SymGEO is proud to announce a new project with the Virginia Department of Transportation (VDOT), designed to explore the use of remote sensing techniques in the identification of wetlands. Traditional wetland delineation requires expert field work, which includes many hours of travel, sampling, and precise survey measurement to delineate what can actually be quite a variable environmental boundary. The best indicators of wetlands tend to be the vegetative species, ground elevation, and hydrology connectivity. Soil sampling and other methods are used to further validate findings, but in today’s data-rich environment, a pretty good indication of wetlands can be gathered through remote sensing.
For this project, LiDAR elevation information was combined with multi-spectral imagery to produce a 6-band composite image using ArcGIS Pro. This composite image was then used in conjunction with National Wetland Inventory (NWI) data to establish training sites for a supervised classification algorithm.
Once a suitable number of training sites were established, the supervised classification algorithm was run on the pilot study area. The results were compared with the National Wetland Inventory data, and a substantial improvement in boundary alignment was noted. This is critical in the accurate measurement of potential impacts to wetlands during road construction or property development, so that an equivalent, mitigating wetland area can be created elsewhere.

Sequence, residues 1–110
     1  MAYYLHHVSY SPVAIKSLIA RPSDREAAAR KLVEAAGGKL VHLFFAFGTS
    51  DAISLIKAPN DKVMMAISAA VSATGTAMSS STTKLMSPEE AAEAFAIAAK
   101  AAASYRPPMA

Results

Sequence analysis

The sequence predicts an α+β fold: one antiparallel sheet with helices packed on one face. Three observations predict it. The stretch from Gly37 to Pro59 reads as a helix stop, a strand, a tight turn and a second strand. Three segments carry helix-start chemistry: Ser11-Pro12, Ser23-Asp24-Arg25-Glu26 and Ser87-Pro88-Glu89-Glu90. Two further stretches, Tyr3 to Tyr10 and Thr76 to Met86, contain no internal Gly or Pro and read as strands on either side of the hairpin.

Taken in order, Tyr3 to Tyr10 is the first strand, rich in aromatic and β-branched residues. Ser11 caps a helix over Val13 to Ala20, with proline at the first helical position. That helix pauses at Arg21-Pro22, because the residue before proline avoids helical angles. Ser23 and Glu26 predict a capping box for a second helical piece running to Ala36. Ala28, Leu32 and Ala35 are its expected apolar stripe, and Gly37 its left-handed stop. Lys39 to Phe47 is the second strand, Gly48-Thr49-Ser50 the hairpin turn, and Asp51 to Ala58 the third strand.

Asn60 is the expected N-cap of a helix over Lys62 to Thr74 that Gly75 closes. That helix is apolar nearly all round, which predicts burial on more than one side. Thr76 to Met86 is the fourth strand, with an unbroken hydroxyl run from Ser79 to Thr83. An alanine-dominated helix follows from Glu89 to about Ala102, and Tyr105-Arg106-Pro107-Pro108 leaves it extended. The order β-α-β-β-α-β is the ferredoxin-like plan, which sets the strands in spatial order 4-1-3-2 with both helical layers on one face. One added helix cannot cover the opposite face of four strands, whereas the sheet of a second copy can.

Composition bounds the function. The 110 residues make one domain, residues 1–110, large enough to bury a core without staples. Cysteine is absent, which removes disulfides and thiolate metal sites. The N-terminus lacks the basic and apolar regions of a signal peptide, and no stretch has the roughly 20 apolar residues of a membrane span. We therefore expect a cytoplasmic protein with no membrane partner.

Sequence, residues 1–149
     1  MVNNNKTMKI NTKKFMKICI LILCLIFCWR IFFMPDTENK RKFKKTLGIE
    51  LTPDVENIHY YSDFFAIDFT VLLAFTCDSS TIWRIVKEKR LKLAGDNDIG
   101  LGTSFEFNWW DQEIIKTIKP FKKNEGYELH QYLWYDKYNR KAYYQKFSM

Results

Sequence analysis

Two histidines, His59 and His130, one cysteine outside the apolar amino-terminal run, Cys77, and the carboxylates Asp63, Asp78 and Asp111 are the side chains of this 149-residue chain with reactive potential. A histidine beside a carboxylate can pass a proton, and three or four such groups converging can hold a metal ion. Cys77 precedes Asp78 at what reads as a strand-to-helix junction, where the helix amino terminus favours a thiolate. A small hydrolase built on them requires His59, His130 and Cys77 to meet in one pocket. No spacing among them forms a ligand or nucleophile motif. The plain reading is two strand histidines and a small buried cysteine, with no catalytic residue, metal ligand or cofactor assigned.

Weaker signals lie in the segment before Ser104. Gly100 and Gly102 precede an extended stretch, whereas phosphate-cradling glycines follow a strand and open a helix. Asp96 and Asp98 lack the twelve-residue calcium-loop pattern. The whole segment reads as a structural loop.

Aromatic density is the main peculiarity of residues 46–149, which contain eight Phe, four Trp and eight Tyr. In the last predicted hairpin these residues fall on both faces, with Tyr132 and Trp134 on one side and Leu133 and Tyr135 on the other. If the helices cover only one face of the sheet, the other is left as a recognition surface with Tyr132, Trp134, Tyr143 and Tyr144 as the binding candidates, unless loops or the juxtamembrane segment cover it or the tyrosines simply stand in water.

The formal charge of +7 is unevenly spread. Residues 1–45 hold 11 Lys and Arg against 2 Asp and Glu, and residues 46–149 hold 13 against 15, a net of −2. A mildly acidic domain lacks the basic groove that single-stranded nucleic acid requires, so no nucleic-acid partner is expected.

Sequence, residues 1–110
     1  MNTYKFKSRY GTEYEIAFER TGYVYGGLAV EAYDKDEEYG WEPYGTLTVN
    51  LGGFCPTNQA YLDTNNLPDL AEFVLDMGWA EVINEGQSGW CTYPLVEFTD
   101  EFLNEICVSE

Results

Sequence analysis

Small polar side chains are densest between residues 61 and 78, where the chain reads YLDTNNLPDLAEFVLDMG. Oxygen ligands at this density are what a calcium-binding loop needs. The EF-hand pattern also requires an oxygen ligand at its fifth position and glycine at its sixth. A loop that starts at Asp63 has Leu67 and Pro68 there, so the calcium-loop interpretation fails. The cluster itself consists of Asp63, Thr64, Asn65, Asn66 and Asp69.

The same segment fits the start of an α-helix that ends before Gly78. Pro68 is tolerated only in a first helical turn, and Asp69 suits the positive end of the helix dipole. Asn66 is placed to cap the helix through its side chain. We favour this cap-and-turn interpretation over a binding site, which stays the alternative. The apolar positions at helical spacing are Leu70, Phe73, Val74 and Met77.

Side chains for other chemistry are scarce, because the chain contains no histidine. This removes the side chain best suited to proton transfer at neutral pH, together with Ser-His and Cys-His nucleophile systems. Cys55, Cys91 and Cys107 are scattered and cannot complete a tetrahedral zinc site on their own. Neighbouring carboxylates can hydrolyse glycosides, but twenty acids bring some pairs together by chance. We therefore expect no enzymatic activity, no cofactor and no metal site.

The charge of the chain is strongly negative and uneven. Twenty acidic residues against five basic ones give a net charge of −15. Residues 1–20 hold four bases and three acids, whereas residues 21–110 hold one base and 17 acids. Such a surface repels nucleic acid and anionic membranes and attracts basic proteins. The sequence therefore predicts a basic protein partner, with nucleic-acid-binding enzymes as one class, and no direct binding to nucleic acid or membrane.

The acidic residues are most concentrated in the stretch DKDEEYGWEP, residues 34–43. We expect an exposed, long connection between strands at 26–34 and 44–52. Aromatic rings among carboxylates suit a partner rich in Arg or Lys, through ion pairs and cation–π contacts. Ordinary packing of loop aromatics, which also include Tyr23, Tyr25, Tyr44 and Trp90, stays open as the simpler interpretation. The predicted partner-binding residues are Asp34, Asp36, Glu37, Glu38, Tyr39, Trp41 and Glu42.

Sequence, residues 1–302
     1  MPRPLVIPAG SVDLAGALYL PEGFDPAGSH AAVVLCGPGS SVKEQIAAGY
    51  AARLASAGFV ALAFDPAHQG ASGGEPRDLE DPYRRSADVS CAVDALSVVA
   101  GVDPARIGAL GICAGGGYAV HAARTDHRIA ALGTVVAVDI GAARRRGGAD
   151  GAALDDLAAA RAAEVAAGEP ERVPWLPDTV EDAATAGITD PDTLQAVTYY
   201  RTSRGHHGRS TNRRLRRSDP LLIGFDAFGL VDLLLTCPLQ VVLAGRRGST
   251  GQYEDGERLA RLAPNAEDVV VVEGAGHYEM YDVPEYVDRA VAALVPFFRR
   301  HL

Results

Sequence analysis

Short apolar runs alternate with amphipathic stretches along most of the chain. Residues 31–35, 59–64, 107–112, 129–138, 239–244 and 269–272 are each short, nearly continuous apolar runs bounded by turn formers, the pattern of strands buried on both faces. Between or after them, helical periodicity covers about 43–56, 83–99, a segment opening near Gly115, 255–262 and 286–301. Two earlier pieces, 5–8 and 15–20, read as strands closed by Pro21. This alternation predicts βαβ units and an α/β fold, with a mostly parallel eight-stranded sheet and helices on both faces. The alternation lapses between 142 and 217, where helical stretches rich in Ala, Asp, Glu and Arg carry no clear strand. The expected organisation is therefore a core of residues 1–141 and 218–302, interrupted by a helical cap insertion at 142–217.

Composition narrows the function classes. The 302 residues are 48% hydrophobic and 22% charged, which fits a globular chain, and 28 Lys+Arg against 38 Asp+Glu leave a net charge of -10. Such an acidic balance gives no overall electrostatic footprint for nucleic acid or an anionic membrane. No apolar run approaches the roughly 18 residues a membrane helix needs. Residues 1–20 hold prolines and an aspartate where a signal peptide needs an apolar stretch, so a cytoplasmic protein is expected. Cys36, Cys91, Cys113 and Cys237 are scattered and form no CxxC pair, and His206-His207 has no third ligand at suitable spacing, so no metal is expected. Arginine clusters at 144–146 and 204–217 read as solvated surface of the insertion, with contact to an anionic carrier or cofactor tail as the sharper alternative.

It was noted that upland forested areas were sometimes identified as wetland forested areas, indicating that elevation relative to nearest water needs to be included in the classification algorithm. The classification results are currently used as a guide for semi-automated wetland area delineation, but we believe the model could mature to include all required factors and accurately, automatically delineate the wetlands.
If you have supporting data and a need for efficient wetland delineation, SymGEO would love to talk!